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- A graph represents a pair (V, E) where V denotes the set of nodes known as vertices and E represents the collection of pairs of vertices known as edges.
- Vertices and edges are positions and they store elements.

**Directed edge**

- It is an ordered pair of vertices (u, v).
- The first vertex u represents the origin.
- The second vertex v represents the destination.

Example: One-way road traffic

**Undirected edge**

- It is an unordered pair of vertices.

Example: Railway lines

**Directed graph**

- All the edges are directed.

Example: Route network

**Undirected graph**

- All the edges are undirected.

Example: Flight network

**Vertices, edges, and degrees**

- When an edge connects two vertices, the vertices are said to be adjacent to each other and the edge is incident on both the vertices.
- Two edges are parallel to each other if they connect the same pair of vertices.
- The degree of a vertex represents the number of edges incident on it.

**Other terminologies**

- A
**cycle**is a path where the first and the last vertices are the same. A simple cycle is a cycle with no repeated vertices or edges. - A graph with no cycles is called a tree. A tree is an acyclic connected graph.
- A
**subgraph**is a subset of a graph’s edge (with associated vertices) that forms a graph. - A
**path**in a graph is a sequence of adjacent vertices. A simple path is a path with no repeated vertices. - A graph is called
**connected**if there is a path from every vertex to every other vertex. - A directed
**acyclic**graph is a directed graph with no cycles. - A
**forest**is a disjoint set of trees. - A
**spanning****tree**of a connected graph is a subgraph that contains all of that graph’s vertices and is also a single tree. - A
**bipartite****graph**is a type of graph whose vertices can be divided into two sets such that all edges connect to a vertex in one set with the vertex in the other set. - A graph with all its edges present is called a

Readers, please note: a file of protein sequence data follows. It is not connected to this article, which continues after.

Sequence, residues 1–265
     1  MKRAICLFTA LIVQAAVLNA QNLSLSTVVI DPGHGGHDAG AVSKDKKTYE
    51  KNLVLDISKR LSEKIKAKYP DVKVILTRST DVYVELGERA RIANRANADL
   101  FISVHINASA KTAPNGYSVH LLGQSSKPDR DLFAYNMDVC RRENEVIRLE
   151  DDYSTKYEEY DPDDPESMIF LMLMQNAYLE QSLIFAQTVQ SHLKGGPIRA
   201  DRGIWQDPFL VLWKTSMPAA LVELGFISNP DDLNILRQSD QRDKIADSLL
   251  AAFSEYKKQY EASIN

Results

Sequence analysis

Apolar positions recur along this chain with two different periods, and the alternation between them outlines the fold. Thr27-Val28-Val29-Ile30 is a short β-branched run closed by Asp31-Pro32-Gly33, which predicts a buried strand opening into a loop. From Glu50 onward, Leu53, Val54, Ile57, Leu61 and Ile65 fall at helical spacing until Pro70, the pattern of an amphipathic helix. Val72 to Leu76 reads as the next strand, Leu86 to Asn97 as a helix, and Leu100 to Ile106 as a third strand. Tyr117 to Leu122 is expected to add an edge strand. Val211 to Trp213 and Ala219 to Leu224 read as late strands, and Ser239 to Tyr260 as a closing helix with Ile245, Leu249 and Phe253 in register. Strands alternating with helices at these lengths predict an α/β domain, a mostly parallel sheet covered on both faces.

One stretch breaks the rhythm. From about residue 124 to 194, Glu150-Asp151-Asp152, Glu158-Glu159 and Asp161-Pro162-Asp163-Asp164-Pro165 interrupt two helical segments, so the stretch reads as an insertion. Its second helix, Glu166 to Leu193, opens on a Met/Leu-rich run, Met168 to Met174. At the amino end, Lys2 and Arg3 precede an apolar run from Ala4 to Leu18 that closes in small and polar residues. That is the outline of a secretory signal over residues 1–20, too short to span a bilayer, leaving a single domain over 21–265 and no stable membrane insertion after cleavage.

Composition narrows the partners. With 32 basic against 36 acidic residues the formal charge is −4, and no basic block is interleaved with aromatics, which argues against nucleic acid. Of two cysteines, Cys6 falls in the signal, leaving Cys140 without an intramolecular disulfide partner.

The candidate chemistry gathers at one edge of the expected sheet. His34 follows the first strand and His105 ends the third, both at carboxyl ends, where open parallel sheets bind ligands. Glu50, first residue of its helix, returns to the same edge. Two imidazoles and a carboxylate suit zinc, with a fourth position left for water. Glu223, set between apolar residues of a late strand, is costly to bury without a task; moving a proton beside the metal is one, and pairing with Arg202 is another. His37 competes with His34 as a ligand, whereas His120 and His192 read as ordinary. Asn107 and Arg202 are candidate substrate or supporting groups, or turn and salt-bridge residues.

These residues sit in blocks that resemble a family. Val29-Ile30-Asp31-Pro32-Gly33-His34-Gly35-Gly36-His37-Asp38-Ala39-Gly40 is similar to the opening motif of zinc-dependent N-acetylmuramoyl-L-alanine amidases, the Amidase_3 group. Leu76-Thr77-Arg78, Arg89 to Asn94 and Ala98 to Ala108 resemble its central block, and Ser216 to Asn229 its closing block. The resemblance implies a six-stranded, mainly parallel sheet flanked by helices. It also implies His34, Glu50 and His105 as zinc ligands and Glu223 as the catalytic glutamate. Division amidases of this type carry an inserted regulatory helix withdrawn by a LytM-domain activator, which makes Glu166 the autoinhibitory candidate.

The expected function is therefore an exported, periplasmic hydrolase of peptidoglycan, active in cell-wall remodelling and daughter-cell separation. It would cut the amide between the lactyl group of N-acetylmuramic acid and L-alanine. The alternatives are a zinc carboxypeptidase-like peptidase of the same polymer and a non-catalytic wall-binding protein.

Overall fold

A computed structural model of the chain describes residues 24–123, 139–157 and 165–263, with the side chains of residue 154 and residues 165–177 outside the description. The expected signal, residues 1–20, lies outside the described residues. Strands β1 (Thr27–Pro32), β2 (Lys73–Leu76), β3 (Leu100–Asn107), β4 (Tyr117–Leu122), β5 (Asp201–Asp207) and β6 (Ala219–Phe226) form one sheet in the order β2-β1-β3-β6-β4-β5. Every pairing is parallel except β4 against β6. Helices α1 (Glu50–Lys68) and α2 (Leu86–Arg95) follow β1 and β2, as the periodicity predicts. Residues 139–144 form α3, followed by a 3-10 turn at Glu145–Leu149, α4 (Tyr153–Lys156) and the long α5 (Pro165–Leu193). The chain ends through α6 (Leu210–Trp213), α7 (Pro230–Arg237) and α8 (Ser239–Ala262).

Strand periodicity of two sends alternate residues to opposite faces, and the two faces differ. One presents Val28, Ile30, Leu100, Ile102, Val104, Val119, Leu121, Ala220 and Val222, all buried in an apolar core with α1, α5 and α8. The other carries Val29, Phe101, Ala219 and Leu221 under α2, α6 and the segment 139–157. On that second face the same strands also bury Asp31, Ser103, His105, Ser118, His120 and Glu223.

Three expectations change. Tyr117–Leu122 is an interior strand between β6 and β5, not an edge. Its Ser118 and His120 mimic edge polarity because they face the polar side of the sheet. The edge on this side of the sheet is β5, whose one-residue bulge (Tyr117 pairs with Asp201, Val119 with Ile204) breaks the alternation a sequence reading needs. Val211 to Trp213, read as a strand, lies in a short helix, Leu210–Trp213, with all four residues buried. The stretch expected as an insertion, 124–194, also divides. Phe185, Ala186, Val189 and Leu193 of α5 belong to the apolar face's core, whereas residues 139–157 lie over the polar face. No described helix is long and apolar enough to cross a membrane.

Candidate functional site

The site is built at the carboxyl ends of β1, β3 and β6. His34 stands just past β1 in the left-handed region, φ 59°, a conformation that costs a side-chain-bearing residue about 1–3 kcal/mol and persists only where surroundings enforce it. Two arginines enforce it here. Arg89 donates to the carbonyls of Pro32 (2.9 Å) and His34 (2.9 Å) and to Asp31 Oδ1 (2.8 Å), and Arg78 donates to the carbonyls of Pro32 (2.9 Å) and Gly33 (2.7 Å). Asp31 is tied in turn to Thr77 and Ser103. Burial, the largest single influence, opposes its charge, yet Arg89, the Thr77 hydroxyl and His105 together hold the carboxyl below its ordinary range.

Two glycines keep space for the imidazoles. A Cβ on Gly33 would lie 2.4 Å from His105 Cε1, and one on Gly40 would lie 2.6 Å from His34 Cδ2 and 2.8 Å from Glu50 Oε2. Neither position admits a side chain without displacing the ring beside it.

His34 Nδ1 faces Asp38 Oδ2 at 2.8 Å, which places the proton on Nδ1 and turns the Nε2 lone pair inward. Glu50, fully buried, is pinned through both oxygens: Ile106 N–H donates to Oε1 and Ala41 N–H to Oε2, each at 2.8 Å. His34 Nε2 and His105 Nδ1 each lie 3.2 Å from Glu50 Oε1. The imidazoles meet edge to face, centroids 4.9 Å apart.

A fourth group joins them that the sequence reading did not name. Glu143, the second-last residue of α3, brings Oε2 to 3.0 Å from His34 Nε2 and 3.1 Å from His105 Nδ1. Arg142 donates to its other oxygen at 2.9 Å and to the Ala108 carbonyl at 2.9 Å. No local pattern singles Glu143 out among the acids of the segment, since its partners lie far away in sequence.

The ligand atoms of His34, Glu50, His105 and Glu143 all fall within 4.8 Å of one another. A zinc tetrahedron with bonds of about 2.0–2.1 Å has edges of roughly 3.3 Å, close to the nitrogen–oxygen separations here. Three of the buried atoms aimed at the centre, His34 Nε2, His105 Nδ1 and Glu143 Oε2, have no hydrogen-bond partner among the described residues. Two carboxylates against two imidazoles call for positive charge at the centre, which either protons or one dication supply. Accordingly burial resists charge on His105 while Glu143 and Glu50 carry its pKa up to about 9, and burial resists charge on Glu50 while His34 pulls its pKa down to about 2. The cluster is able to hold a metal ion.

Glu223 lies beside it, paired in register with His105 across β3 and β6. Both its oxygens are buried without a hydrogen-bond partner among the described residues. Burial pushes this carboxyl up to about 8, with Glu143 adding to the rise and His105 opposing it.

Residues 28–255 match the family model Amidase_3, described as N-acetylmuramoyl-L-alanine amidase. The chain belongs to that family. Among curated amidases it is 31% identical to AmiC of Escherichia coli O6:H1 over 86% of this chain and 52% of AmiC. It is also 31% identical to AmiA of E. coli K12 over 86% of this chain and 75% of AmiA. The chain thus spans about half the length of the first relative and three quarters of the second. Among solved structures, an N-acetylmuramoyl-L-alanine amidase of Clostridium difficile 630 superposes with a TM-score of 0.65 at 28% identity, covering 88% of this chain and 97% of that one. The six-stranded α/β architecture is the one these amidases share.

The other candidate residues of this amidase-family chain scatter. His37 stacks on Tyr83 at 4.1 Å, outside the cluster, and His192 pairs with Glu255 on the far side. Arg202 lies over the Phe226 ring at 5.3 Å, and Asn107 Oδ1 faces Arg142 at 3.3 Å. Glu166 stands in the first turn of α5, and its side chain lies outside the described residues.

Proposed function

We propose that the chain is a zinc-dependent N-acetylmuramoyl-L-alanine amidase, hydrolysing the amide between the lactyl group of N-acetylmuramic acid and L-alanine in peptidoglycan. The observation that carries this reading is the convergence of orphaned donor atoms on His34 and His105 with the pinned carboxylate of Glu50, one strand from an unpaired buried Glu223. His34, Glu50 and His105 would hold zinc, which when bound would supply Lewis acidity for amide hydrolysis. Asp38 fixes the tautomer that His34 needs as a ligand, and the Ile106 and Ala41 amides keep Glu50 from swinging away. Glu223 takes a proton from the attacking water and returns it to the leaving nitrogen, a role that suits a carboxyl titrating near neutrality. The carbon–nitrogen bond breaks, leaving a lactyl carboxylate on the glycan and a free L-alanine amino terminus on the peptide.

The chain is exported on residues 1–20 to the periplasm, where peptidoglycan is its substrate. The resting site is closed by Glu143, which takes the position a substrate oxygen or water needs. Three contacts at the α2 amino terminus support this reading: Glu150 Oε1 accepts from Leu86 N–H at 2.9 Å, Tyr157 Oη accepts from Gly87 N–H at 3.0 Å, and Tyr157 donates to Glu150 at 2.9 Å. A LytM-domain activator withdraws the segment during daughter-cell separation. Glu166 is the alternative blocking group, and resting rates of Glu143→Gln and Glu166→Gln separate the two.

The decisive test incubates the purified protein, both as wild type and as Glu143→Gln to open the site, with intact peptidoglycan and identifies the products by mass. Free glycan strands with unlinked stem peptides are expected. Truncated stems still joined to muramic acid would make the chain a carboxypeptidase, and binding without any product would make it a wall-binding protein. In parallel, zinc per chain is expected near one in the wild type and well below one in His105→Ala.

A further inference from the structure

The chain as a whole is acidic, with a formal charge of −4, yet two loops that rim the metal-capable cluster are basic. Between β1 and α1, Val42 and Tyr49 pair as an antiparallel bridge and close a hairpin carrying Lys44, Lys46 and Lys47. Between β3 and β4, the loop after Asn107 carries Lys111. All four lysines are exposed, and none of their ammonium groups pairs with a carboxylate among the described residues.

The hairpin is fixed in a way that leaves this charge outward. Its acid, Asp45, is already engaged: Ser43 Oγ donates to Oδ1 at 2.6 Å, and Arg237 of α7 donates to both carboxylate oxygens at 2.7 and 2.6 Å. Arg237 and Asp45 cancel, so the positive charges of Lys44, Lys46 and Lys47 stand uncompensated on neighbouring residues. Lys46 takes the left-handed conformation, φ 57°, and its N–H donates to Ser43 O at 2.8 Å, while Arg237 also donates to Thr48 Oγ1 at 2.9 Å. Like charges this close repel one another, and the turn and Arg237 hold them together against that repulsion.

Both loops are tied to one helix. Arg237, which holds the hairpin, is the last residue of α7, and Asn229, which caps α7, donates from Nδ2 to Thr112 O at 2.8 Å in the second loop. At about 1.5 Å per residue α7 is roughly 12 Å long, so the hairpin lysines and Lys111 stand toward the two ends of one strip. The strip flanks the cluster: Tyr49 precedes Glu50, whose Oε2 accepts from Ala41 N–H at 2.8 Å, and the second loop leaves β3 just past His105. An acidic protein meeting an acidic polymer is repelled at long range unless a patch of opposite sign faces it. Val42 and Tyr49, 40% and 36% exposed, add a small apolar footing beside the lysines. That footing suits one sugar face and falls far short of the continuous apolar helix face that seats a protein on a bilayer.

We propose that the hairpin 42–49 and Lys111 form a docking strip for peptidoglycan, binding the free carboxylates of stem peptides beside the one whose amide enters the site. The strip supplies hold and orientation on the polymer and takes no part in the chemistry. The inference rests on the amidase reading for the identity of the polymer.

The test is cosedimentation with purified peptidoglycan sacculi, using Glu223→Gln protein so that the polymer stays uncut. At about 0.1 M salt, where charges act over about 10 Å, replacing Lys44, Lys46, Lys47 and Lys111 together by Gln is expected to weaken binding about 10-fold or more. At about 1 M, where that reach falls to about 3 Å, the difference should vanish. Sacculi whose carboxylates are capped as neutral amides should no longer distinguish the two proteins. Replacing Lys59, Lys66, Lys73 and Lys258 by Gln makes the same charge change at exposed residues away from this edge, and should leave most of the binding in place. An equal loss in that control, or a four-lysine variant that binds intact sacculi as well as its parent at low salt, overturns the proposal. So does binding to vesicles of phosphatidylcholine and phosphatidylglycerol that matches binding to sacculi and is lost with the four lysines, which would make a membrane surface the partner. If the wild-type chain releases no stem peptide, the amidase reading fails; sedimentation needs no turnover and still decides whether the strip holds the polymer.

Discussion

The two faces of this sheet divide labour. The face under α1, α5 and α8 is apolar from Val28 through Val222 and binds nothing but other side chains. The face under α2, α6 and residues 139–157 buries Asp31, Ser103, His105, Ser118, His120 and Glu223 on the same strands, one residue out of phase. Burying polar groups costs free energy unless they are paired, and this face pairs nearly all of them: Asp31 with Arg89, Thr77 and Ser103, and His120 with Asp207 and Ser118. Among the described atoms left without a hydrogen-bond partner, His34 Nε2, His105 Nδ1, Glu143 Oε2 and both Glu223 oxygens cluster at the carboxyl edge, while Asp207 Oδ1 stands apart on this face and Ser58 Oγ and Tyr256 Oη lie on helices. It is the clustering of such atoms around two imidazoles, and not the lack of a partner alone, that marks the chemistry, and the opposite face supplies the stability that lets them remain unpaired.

**complete****graph**. - A graph with relatively few edges is called a
**sparse****graph**.

**Application of graphs**

- Represents relationships between various components in an electronic circuit
- Used in computer networking

You can represent graphs in various ways. The three basic methods for this are as follows:

- Adjacency matrix
- Adjacency list
- Adjacency set

You can refer to this to learn this in detail.

**Depth First Search (DFS)**

Before you start learning about DFS, watch Graph with music!

Let’s consider that you are trapped in a maze. If you want to exit the maze, you must visit each path and each intersection (in the worst case). You are using two colors to mark the intersection that you have already passed. When you find a new intersection, you paint it grey and you continue to go deeper.

After reaching a dead-end, you have no more unexplored paths from the grey intersection, which is now completed, and you mark it in black color. Thus, this ‘dead-end’ represents either an intersection that you have already marked as grey or black or a path that does not lead to an intersection.